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Researchers use machine learning to predict market patterns

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What does this mean for capitalism?

The use of machine learning in finance is nothing new, but traditionally, such models operate as a so-called ‘black box’. That is, an AI algorithm sifts through mountains of data to make future predictions without revealing how it makes its determinations.

Now, researchers at Cornell University have developed a way to use machine learning to transparently assess the effectiveness of tools used to make these predictions – and to accurately predict future market movements.

Given the massive amounts of data and high volatility involved, this presents an extraordinarily undertaking.

What we were trying to do is bring the power of machine learning techniques to not only evaluate how well our current methods and models work, but also to help us extend these in a way that we never could do without machine learning,” said Maureen O’Hara, the Robert W. Purcell Professor of Management at the SC Johnson College of Business, and co-author of the paper “Microstructure in the Machine Age.”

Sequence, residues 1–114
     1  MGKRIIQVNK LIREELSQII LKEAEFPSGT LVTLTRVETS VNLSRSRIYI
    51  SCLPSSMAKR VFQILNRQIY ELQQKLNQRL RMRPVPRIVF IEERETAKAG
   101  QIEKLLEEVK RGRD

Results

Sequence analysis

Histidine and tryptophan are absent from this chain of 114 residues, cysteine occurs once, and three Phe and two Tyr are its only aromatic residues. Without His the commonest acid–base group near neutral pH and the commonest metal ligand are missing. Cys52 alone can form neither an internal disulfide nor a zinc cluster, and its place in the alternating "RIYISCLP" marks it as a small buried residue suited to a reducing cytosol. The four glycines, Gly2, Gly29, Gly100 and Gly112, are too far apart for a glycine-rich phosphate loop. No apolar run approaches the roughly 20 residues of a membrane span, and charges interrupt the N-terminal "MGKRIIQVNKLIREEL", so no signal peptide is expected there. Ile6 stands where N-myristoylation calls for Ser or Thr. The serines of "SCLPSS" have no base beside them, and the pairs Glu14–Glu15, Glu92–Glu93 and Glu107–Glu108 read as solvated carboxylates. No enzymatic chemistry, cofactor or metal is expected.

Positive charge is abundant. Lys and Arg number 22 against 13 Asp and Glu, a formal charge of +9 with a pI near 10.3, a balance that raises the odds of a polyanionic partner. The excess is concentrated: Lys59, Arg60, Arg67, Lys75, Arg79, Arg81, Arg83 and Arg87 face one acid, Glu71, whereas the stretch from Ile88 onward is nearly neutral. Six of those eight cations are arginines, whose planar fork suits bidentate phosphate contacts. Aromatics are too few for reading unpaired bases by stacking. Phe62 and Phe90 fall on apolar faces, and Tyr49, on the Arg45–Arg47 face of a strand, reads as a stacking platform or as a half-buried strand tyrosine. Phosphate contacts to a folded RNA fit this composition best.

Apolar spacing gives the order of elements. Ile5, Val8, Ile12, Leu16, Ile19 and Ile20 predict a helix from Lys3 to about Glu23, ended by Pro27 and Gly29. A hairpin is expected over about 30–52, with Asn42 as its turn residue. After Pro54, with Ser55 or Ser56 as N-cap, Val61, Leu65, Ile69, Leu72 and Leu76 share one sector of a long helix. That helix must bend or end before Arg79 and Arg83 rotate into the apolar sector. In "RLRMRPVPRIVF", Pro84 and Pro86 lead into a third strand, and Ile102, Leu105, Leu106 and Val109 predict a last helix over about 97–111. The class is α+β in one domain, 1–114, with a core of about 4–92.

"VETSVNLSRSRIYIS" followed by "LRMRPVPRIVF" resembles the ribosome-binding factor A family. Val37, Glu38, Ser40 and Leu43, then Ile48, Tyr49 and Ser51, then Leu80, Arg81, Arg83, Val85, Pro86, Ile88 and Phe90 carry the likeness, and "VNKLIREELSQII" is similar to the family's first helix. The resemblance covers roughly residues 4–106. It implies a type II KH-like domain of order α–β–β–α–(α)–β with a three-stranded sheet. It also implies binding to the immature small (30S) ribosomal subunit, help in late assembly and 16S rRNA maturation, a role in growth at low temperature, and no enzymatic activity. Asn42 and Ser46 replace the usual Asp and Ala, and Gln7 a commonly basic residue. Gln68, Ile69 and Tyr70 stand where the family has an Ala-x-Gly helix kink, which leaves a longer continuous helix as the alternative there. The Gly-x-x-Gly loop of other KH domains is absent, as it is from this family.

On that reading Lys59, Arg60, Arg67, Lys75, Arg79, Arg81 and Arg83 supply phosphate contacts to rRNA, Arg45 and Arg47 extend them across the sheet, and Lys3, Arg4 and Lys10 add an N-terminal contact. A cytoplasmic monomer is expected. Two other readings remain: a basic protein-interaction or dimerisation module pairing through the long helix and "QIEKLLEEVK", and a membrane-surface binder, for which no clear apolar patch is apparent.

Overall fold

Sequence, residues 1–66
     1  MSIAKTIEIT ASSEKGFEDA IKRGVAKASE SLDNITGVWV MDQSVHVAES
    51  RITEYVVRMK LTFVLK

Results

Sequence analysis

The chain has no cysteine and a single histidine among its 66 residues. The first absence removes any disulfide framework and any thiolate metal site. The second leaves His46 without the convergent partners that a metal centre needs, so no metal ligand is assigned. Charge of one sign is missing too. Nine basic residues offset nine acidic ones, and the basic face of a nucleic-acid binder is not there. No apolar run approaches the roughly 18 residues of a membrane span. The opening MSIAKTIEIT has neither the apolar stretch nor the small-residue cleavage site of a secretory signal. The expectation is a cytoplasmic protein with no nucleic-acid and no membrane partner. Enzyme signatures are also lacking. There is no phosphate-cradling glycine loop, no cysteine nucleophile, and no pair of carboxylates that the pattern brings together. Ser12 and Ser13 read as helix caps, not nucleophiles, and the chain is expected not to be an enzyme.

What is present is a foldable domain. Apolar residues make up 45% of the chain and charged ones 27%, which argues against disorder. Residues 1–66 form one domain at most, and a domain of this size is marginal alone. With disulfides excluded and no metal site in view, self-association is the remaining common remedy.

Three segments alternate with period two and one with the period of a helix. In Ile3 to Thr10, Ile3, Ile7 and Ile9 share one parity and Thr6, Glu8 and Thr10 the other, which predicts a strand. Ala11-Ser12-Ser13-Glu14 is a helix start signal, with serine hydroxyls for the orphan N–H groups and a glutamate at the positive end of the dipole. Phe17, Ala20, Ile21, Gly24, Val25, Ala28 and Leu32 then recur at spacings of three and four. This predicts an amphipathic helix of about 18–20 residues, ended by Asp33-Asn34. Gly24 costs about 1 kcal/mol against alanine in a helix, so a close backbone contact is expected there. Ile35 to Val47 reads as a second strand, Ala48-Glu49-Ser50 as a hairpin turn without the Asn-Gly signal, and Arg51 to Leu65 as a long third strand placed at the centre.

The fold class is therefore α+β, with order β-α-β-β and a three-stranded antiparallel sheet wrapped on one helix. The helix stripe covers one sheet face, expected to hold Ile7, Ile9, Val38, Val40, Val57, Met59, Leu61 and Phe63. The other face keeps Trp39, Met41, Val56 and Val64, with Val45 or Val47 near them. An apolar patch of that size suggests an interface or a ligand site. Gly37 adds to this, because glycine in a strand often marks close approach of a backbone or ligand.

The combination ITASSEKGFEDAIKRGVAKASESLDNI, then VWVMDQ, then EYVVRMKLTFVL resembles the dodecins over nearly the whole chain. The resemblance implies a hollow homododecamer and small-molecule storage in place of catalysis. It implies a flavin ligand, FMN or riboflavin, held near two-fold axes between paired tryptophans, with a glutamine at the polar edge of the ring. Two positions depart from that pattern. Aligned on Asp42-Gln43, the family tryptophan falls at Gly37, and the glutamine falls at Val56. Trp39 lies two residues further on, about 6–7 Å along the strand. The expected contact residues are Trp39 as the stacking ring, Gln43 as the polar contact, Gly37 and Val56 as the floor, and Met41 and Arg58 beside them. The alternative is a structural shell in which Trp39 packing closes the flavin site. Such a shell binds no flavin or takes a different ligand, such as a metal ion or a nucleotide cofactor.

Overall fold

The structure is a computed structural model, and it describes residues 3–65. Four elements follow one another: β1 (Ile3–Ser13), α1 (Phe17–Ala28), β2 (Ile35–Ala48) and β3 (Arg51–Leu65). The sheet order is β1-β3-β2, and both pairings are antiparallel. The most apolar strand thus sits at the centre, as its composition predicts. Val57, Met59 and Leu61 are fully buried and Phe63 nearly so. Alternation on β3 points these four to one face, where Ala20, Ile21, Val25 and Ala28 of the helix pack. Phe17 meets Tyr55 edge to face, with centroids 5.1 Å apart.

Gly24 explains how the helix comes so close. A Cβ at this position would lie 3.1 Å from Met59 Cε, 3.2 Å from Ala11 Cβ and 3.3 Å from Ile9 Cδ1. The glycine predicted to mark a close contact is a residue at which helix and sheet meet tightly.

“Trying to estimate these sorts of things using standard techniques gets very tricky, because the databases are so big. The beauty of machine learning is that it’s a different way to analyze the data,” O’Hara said.

“The key thing we show in this paper is that in some cases, these microstructure features that attach to one contract are so powerful, they can predict the movements of other contracts. So we can pick up the patterns of how markets affect other markets, which is very difficult to do using standard tools.”

Predicting the unpredictable

In the study, the researchers assessed their algorithms using a dataset of 87 futures contracts. “Our sample is basically all active futures contracts around the world for five years, and we use every single trade – tens of millions of them – in our analysis,” O’Hara said.

“What we did is use machine learning to try to understand how well microstructure tools developed for less complex market settings work to predict the future price process both within a contract and then collectively across contracts. We find that some of the variables work very, very well – and some of them, not so great.”

The model is not yet developed enough to have tangible applications within market pattern prediction, but that is evidently the end goal for both the researchers and the financial institutions that partnered with the team on the study. Accurately predicting market activity – something of a Holy Grail for those in finance – stands to have an enormous impact on our capitalism-driven world, and this research marks the first step towards significant change.

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